Industry Ministry Formulates Guidebook on ‘Carve-out Ventures’; Aims to Make Optimal Use of Latent Technologies

Yomiuri Shimbun file photo
The Economy, Trade and Industry Ministry building in Chiyoda Ward, Tokyo.

The Economy, Trade and Industry Ministry has for the first time compiled a guidebook for so-called “carve-out ventures” — startups formed when a large company sells off a stake in a business unit.

The move is aimed at bringing to light technologies that might be overlooked in large companies and provide an impetus for technological innovation. The guidebook was released on April 26.

A carve-out venture involves the strategic separation of a business unit. When a major firm determines that the unit would not be the focus of its main business even if it possesses advanced technology, the new entity is formed by employees venturing out on their own or other means.

Becoming independent allows for quick decision-making that could help expand the business, which makes it more attractive for investors.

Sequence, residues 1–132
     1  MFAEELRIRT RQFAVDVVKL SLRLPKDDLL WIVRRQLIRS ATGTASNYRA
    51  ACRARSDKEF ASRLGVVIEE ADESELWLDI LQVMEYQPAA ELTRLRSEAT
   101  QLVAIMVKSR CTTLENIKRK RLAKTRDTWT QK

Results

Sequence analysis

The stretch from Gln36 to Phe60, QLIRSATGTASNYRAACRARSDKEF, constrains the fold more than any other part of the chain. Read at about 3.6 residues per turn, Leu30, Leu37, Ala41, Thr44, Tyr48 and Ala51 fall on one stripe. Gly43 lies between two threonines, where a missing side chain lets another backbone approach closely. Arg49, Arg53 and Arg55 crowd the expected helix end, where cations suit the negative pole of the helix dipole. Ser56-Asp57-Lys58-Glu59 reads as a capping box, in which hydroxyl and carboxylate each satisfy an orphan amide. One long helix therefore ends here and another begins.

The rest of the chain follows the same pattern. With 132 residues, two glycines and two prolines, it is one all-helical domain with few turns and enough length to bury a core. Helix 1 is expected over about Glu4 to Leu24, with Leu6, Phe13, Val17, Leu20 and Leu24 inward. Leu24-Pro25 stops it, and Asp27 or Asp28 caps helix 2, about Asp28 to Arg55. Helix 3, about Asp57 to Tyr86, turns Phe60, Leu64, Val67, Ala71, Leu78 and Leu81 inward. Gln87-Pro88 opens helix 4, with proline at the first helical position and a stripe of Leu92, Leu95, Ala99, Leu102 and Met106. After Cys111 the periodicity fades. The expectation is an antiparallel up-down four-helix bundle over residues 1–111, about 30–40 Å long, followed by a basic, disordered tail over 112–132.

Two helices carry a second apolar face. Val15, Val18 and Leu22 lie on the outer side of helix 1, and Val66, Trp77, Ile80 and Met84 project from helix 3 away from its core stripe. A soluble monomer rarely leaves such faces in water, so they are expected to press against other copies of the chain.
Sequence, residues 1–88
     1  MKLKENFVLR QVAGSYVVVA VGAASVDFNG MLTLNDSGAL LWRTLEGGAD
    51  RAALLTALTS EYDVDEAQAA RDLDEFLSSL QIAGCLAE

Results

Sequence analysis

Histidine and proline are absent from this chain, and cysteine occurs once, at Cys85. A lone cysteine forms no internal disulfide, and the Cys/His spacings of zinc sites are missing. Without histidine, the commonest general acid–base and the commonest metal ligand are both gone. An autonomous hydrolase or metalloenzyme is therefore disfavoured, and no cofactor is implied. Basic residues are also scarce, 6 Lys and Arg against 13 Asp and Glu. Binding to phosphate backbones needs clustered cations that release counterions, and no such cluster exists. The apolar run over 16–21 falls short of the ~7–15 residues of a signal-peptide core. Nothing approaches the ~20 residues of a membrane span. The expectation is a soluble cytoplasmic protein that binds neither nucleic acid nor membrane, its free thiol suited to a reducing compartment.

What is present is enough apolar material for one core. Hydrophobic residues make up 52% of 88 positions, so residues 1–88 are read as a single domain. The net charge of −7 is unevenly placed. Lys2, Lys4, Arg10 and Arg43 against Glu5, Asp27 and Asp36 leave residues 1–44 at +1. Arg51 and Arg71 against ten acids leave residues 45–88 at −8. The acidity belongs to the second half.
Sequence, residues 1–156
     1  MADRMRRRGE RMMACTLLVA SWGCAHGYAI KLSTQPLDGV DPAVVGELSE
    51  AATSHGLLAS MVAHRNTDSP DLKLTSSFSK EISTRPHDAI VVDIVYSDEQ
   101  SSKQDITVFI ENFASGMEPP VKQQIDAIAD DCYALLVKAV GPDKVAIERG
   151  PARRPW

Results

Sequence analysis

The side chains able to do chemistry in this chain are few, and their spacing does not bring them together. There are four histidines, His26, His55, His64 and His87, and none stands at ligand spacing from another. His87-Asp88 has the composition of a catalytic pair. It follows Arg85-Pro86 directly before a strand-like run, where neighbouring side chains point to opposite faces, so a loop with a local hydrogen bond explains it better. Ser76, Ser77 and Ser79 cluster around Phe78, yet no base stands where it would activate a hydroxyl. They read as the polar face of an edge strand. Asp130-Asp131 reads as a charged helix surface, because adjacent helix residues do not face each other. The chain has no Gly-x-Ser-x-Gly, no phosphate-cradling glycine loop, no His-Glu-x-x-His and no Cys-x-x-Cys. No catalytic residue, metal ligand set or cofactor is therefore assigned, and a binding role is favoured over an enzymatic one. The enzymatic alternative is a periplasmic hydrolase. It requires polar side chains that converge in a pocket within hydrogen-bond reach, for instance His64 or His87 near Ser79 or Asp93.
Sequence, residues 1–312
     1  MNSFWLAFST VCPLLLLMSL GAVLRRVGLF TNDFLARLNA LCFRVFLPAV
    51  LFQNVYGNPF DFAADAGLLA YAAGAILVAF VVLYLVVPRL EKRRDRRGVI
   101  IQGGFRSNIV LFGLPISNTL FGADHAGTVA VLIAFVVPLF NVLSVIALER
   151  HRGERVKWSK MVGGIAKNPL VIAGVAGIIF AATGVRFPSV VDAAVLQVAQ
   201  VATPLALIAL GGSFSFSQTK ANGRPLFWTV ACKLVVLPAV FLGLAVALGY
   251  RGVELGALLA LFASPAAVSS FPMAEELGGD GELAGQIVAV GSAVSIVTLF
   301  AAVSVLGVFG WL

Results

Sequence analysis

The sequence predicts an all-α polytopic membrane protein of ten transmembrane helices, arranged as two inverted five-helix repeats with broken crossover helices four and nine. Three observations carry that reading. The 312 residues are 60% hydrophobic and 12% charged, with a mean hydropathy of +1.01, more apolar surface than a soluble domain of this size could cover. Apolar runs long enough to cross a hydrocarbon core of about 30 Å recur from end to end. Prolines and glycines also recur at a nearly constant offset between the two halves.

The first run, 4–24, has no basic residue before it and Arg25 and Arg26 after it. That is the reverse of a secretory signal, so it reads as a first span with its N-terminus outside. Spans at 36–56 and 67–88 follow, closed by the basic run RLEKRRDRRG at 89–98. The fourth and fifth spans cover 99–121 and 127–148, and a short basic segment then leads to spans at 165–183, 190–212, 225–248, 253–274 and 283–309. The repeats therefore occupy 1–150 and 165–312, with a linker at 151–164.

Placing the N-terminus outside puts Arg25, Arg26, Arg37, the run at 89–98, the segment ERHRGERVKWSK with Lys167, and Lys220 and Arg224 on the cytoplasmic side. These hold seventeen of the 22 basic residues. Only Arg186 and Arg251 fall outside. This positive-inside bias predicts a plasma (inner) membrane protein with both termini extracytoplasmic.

“By becoming independent of the parent company, [the carve-out venture] will be able to maximize the speed of its business growth by promptly and proactively tackling new business opportunities and research and development,” the guidebook states.

The guidebook also stresses the importance for carve-out ventures to be “free from the constraints of the parent company and create an ability to carry out businesses that are most suitable in a competitive environment.”

Given that, it urges that the new venture refrain from carrying over the parent company’s personnel system that tends to be rigid, and have the parent company’s stake be restricted to less than 20% to limit its influence.

On top of that, the parent company is advised to provide the new venture with intellectual property and management resources. “If assets and organizational know-how are provided, it makes it possible to acquire synergistic effects,” the guide says.

According to the Cabinet Office and other sources, large companies account for about 90% of R&D spending in the private sector. On the other hand, about 60% of technologies that were not commercialized at large companies have disappeared.